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December 1981

Displacement of the Optic Nerve Head: Response to Acute Intraocular Pressure Elevation in Primate Eyes

Author Affiliations

From the Ophthalmology Section, Veterans Administration Medical Center, Lake City, Fla.

Arch Ophthalmol. 1981;99(12):2166-2174. doi:10.1001/archopht.1981.03930021042012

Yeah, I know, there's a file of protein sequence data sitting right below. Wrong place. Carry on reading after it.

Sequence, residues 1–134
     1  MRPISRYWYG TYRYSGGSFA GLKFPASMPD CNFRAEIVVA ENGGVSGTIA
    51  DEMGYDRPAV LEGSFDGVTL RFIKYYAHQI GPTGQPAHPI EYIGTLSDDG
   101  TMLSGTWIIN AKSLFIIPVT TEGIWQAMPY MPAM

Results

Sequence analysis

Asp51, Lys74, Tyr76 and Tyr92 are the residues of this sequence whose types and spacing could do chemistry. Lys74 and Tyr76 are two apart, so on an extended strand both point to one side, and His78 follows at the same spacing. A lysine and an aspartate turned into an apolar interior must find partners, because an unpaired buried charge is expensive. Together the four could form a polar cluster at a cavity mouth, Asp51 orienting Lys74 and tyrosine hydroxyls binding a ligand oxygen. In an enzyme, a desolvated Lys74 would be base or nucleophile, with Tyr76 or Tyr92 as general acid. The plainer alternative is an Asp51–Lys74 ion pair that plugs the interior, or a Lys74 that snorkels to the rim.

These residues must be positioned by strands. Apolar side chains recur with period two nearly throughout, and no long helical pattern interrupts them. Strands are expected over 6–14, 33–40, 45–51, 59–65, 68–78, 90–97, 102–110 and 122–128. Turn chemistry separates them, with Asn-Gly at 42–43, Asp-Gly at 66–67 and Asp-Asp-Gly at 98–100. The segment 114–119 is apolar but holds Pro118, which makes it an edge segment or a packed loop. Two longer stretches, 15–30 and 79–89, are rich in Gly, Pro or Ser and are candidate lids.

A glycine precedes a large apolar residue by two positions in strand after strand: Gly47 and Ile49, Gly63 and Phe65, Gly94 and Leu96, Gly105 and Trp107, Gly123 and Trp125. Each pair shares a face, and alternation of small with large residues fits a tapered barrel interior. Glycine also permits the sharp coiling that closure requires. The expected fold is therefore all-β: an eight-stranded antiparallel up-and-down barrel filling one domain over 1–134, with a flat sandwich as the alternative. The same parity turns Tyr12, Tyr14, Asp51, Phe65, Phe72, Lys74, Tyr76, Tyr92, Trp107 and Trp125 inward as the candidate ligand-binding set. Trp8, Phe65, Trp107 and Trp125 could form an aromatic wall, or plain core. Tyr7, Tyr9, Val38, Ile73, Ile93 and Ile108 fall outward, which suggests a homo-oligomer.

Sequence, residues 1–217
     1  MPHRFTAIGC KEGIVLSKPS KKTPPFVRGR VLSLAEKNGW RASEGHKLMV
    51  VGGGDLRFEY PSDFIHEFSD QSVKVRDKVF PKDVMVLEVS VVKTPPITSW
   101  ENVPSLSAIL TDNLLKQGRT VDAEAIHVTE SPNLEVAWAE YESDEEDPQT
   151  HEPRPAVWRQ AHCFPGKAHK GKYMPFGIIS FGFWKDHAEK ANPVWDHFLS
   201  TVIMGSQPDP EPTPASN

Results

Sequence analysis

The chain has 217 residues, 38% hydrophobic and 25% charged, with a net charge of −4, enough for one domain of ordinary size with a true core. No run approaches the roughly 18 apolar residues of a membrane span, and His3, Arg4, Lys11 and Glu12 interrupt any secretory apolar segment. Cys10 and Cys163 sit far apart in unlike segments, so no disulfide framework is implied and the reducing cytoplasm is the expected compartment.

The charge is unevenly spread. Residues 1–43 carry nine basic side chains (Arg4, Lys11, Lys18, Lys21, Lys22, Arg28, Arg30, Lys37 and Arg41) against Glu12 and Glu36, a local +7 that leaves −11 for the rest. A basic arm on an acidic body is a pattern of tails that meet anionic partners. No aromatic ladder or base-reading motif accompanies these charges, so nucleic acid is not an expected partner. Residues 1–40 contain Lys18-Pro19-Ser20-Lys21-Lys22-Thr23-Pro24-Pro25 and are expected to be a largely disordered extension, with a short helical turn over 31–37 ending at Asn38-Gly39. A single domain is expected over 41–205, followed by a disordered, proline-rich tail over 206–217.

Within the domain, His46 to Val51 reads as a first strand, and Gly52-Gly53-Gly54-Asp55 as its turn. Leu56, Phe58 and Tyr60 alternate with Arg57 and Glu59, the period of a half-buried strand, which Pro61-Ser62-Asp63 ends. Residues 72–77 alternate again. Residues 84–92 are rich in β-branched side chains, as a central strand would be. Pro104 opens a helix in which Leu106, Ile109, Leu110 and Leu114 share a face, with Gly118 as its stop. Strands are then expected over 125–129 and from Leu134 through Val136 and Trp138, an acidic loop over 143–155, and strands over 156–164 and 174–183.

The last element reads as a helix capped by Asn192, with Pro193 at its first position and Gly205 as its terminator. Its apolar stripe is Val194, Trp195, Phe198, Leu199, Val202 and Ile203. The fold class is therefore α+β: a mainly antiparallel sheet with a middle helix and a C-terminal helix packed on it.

• Mechanical compression of axons within the lamina scleralis has been suggested as a mechanism of damage in glaucoma. Movement within the optic nerve head was studied after acute intraocular pressure elevation in the enucleated primate eye. Fine platinum wire was positioned within the lamina scleralis and displacement characterized after IOP elevation. These studies demonstrate the following: (1) retrodisplacement increases significantly with increasing pressure, (2) maximum retrodisplacement occurs at the center and minimum retrodisplacement occurs at the periphery of the optic nerve, (3) retrodisplacement at the position of minimum movement in the optic nerve is indistinguishable from that in the sclera, (4) 67% of the net retrodisplacement occurs after a 15-mm Hg increase in IOP, and (5) tangential displacements within the lamina scleralis also increase with increasing pressure but are only 50% of the magnitude of retrodisplacements.